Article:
Focal Segmental Glomerulosclerosis (FSGS)

Overview
  • Focal Segmental Glomerulosclerosis (FSGS) is a disease defined principally by a unique histopathology that primarily manifests clinically as nephrotic syndrome. It is most importantly characterized by a histopathology of focal and segmental sclerosis of glomeruli
Morphology
  • Light Microscopy:
    • FSGS is characterized by "Sclerosis" of Glomeruli, meaning the deposition of an undifferentiated hyaline substance within the glomerulus. The sclerosis of glomeruli displays a unique focal and segmental pattern which gives FSGS its namesake. Focal sclerosis refers to the observation that only a certain subset of glomeruli are affected, traditionally, glomeruli near the corticomedullary border . Segmental sclerosis refers to the fact that only a segment of each individual glomerulus appears sclerosed.
  • Immunofluorescence:
    • Deposition of IgM and complement in sclerosed regions of glomeruli.
  • Electron Microscopy:
    • Effacement of podocyte foot processes along with substantial detachement of podocytes from the glomerular basement membrane.
Etiology
  • Primary Disease
    • The etiology of primary FSGS is highly unclear. Whatever the initial insult, it appears that a localized area of the glomerular barrier is rendered leaky in a certain subset of glomeruli. This leads to a localized deposition of plasma proteins that initiates a 'segment' of sclerosis within that glomerulus. Deposition of IgM and complement in areas of sclerosis appears to be due trapping of these proteins within previously damaged glomeruli; thus, these are not thought to be the primary initiators of pathology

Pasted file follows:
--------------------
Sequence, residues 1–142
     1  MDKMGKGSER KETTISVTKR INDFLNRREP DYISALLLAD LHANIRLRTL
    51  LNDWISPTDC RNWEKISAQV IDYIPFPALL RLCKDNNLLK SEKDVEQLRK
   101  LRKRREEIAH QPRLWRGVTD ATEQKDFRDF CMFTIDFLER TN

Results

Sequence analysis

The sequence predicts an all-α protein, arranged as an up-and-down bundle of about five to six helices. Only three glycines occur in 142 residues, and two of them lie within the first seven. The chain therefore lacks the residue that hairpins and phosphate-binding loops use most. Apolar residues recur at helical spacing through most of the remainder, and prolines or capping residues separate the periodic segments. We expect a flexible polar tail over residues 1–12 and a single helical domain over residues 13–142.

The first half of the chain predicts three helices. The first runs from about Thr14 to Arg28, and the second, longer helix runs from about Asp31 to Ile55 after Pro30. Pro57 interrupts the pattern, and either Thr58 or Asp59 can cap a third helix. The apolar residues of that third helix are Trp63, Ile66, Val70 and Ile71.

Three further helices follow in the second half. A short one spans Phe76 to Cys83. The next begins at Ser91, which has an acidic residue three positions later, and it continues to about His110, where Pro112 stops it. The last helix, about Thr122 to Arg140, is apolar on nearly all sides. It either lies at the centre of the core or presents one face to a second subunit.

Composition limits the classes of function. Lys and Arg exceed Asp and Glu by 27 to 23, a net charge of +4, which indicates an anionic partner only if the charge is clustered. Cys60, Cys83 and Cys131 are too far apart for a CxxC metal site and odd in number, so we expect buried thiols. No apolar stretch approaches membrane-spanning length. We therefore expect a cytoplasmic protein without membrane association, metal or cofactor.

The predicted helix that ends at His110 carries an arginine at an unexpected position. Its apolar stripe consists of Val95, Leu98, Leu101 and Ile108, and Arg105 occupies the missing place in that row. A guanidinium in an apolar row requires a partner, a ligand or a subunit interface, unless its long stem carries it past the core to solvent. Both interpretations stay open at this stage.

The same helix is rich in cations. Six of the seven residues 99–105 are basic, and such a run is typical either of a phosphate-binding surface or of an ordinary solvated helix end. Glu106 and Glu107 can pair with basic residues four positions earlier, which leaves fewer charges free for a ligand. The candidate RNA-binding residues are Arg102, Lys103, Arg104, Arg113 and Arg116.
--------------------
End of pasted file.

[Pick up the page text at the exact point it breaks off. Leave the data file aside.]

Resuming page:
• Nephrotic syndrome then develops due to the reduced selectivity of glomerular filtration.
  • Secondary Disease
    • FSGS can appear secondary to a variety of infectious, pharmacological, or genetic insults. Infectious etiologies include HIV while FSGS is often observed in the end-stage of compensatory glomerulopathy.
Clinical Consequences
  • FSGS can occur in both children and adults, primarily manifesting as nephrotic syndrome (i.e. proteinuria, hypoalbuminemia , generalized edema, hyperlipidemia). Because a wide variety of plasma proteins are lost in the urine FSGS is said to involve a "nonselective proteinuria". Disease is typically progressive and tends toward chronic renal failure in many cases. In children, this disease must be distinguished from minimal change disease as it does not respond nearly as well to corticosteroid therapy and is more prone to serious progression.